The 130m long pier and its new riverboat terminal address the practical requirements of Thames Clippers’ traffic, while also providing a memorable new public space that can be enjoyed by the community, Londoners and visitors alike.
The pier extends the Royal Wharf development’s riverside public realm with a promenade, which stretches 40m into the Thames and is publicly accessible all year-round. This linear open space is reminiscent of traditional British seaside piers, framing long, impressive views towards the horizon.
At the heart of the pier, a 162sqm public viewing platform provides a generous public space, featuring integrated bench seating at its centre to encourage people to linger, relax and admire the unobstructed views up and down the Thames.
The viewing platform also separates the public promenade from the floating gangway and pontoon of the Thames Clippers terminal, with our distinctly angular design making the pier appear seemingly infinite from the river edge. Patterned aluminium and timber balustrades used along the public promenade are continued along the floating walkway. Here they extend above handrail height, creating a semi-enclosed space that provides commuters with shelter.
Arriving at the pontoon, the skewed form and layout increased open space around the sheltered waiting area, allowing boats to dock easily and providing ample circulation space for passengers.
Nex listened carefully to our needs as the client, and also considered the needs of the thousands of people using the pier as well as addressing the technical and logistical challenge of building upon the River Thames. The result is a building that goes beyond infrastructure: while it acts as an elegant yet practical point of arrival and embarkation for Thames Clippers, the incorporation of a unique floating public space was an inspired move that cleverly addressed technical challenges, and lifts both the pier and its setting."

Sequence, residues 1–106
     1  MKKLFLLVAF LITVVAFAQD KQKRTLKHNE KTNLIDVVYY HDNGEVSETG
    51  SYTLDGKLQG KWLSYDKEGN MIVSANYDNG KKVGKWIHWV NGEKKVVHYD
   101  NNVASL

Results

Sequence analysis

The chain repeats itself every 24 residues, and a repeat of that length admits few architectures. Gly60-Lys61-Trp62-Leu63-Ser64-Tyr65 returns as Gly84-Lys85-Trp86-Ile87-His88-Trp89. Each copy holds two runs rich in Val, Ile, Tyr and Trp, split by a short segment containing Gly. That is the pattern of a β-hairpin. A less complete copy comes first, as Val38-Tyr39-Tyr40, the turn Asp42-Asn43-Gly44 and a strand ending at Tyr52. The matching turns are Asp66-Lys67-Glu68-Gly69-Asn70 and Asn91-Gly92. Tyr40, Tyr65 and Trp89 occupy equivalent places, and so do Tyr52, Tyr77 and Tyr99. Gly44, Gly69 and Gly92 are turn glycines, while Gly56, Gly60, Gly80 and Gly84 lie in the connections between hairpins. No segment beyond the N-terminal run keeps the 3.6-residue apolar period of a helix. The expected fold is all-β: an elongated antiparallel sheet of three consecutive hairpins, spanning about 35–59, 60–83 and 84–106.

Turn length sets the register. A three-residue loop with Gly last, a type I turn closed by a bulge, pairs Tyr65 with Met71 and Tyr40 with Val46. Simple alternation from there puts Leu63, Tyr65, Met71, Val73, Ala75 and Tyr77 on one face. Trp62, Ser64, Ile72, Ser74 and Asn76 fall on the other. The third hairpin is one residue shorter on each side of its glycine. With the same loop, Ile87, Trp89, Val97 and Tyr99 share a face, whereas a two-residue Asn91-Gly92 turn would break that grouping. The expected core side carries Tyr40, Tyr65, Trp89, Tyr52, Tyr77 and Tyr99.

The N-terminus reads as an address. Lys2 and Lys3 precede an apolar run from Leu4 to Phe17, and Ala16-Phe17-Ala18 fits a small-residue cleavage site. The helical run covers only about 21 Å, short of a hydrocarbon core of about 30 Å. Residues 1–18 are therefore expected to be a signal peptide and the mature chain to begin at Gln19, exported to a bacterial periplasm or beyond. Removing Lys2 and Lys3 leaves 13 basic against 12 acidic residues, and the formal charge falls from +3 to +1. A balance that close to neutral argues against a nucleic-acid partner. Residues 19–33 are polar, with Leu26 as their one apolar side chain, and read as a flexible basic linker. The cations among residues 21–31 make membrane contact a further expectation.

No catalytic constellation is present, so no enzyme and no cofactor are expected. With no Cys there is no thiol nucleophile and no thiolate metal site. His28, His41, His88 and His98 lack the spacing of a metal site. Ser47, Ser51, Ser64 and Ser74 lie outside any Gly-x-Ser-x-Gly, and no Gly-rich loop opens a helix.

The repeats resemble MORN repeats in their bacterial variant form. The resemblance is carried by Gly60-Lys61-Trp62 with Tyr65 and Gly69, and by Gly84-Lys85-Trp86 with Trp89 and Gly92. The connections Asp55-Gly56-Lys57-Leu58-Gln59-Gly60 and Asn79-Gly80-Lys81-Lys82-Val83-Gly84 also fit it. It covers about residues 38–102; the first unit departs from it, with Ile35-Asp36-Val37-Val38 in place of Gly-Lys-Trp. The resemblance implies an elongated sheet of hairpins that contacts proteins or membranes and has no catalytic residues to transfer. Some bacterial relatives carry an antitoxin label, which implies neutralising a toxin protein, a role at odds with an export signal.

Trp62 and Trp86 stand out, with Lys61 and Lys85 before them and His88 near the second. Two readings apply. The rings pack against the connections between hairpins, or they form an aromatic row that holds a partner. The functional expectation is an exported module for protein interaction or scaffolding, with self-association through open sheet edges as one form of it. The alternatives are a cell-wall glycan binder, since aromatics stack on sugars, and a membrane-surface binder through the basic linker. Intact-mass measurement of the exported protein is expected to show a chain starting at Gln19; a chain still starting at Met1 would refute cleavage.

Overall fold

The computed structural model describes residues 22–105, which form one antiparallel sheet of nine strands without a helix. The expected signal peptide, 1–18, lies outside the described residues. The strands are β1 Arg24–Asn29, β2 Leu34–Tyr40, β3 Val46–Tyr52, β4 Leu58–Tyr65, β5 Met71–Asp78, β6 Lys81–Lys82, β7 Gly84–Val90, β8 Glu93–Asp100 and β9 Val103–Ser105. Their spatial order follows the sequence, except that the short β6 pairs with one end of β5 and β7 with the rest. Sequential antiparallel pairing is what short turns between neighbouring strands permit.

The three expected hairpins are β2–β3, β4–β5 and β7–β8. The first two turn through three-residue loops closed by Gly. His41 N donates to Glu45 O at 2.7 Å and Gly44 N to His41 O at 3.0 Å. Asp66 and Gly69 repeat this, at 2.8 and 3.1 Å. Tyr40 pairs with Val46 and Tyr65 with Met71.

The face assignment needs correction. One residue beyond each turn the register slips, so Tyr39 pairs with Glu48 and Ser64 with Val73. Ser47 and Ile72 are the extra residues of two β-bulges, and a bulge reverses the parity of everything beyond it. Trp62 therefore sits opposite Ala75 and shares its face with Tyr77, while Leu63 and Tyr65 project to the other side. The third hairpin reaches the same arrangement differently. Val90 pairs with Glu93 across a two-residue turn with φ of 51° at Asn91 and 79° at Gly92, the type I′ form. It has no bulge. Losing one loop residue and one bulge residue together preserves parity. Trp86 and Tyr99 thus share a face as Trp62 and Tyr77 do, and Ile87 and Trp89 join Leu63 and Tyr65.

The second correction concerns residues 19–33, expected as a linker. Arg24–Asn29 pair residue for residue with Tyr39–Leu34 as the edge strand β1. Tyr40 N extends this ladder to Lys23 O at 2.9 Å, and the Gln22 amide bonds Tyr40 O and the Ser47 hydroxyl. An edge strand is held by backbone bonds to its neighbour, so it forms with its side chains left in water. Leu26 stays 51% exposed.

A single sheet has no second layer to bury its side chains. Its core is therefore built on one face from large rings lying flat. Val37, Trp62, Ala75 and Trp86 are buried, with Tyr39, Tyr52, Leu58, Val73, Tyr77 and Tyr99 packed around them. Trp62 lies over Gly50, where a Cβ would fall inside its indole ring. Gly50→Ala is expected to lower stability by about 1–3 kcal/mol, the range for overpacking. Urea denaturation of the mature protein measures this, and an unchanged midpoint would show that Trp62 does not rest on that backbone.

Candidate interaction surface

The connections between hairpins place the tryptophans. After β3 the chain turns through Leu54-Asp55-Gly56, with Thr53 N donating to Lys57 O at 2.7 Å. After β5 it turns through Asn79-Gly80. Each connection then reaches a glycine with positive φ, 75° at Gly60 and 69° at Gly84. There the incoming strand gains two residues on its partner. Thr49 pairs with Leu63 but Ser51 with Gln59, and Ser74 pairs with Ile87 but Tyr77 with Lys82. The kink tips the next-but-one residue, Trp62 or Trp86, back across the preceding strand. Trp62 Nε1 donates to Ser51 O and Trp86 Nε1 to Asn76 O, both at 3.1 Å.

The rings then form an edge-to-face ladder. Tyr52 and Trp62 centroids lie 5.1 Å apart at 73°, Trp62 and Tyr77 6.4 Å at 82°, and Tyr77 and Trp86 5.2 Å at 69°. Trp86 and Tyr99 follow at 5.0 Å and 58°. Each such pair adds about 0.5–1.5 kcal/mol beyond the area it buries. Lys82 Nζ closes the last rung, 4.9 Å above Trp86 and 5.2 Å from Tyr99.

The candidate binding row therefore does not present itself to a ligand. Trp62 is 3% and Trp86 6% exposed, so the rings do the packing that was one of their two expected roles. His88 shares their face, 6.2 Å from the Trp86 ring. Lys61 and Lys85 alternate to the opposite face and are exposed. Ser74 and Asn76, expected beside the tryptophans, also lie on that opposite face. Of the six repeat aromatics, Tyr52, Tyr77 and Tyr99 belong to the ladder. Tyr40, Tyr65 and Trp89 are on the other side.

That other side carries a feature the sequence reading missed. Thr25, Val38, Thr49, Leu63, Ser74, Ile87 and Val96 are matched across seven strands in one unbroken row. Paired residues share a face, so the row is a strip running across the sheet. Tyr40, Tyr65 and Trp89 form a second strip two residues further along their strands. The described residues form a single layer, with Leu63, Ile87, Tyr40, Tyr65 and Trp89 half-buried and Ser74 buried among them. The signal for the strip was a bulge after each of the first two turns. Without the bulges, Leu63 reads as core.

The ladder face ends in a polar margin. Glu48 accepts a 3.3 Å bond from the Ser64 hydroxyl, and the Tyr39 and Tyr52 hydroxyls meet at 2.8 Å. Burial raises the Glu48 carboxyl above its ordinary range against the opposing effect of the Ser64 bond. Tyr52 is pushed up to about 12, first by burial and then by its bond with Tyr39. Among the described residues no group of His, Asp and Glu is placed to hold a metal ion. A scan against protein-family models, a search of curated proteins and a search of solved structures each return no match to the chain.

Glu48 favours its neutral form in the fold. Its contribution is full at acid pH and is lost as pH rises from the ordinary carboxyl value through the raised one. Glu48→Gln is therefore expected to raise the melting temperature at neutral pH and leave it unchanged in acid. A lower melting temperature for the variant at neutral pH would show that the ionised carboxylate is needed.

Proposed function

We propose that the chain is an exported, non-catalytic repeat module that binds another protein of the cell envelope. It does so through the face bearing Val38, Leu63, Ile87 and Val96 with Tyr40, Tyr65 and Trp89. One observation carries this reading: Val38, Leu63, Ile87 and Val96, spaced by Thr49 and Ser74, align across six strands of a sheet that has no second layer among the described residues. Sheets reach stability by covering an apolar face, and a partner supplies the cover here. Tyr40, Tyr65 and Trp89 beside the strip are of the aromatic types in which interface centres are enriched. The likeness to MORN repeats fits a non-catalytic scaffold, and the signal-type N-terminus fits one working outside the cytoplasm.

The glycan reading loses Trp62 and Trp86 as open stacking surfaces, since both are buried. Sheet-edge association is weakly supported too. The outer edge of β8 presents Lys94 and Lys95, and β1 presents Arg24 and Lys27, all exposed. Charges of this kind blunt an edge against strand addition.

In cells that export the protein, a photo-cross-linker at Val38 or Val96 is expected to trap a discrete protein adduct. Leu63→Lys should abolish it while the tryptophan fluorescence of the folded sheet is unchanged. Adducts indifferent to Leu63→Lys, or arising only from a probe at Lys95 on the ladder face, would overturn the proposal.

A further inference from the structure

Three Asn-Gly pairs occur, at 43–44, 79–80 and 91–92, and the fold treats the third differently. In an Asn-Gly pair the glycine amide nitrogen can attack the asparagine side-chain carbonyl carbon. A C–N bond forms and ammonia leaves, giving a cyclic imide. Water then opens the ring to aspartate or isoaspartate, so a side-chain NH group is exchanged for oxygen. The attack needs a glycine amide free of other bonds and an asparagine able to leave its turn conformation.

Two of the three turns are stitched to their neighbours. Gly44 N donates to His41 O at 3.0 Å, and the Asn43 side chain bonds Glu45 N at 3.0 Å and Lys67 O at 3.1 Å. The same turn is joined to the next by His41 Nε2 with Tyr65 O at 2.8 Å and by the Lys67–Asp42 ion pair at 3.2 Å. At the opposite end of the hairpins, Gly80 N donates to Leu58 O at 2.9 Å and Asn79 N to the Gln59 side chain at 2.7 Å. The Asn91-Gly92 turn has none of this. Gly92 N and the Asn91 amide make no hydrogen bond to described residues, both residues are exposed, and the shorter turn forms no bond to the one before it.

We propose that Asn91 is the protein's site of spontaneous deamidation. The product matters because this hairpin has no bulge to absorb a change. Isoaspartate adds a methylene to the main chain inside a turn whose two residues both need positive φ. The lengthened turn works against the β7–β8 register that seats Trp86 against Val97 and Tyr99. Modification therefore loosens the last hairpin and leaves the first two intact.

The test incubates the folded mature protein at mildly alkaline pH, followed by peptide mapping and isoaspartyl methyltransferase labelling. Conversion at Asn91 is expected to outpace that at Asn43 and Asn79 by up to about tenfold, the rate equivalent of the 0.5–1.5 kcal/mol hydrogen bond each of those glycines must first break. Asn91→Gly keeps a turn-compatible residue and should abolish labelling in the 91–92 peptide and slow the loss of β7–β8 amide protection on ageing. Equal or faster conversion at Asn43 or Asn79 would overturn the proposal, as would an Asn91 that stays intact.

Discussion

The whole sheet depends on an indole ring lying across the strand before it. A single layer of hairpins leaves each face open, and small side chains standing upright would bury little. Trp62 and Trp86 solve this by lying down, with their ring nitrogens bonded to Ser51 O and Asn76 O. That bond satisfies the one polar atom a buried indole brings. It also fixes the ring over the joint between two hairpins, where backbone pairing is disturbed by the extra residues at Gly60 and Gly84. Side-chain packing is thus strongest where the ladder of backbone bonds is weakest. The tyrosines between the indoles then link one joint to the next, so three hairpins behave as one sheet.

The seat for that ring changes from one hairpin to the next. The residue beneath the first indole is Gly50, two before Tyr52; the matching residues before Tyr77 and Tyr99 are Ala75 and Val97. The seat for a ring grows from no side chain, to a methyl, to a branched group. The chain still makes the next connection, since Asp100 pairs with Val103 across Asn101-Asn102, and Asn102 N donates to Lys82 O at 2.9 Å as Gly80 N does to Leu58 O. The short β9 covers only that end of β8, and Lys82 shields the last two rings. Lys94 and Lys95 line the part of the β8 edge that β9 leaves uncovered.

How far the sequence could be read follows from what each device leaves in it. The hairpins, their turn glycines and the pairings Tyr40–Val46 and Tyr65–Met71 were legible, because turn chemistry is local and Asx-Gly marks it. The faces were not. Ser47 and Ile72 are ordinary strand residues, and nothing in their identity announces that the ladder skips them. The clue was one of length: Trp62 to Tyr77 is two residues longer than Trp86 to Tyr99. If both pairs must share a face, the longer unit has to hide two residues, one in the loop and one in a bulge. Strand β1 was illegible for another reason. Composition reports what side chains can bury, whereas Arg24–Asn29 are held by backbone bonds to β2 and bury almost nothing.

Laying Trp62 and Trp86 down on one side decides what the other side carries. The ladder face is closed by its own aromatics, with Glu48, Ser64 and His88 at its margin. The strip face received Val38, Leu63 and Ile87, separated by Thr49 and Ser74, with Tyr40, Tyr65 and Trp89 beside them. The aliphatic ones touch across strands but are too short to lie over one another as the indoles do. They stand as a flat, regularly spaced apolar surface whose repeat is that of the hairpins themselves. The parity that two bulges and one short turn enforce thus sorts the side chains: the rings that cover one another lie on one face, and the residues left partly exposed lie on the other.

John Mulryan, Group Managing Director at Ballymore
Offering a striking silhouette from the Thames Clippers service as it travels down the river, the sheltered waiting area showcases a playful response to its setting. Cut and folded elevations define the shelter’s form, creating a sense of weightlessness by concealing the large structural elements supporting the pier, while the sloping roofline is angled to take advantage of direct views towards the towers of Canary Wharf, the City and The O2. The waiting area features a large glass façade and built-in seating enclosed within this metal shell, providing warmth and protection from the elements.
Drawing upon the ship-building processes used to manufacture the pier, a refined material palette speaks to both the practical needs and maritime setting of the project. The steel structure – painted dark grey to offer a contemporary look that weathers well – is complemented by the use of durable marine grade hardwood. This creates a sense of cohesion throughout the pier, providing welcoming finishes that enhance user experience of the pier. These high-quality finishes are gently emphasised with carefully integrated lighting, nestled within the balustrades and lining the edges of the outdoor timber seating.
- Royal Wharf Pier
- Ballymore + Oxley
- November 2019
- London, UK
- £5.7 Million
- Public Realm
- Alan DempseyRowan MorriceAyo AkinolaShimin CaoJames Foster
- James Brittain - Day photosGavriiLux - Night photos
- Architect - Nex— Principal Designer - Beckett Rankine Main contractor - McLaughlin and Harvey M&E consultant - Tate Planning consultant - Rolfe Judd Quantity surveyor - Huntley Cartwright Glass Engineering - Eckersley O’Callaghan Lighting - DHA Design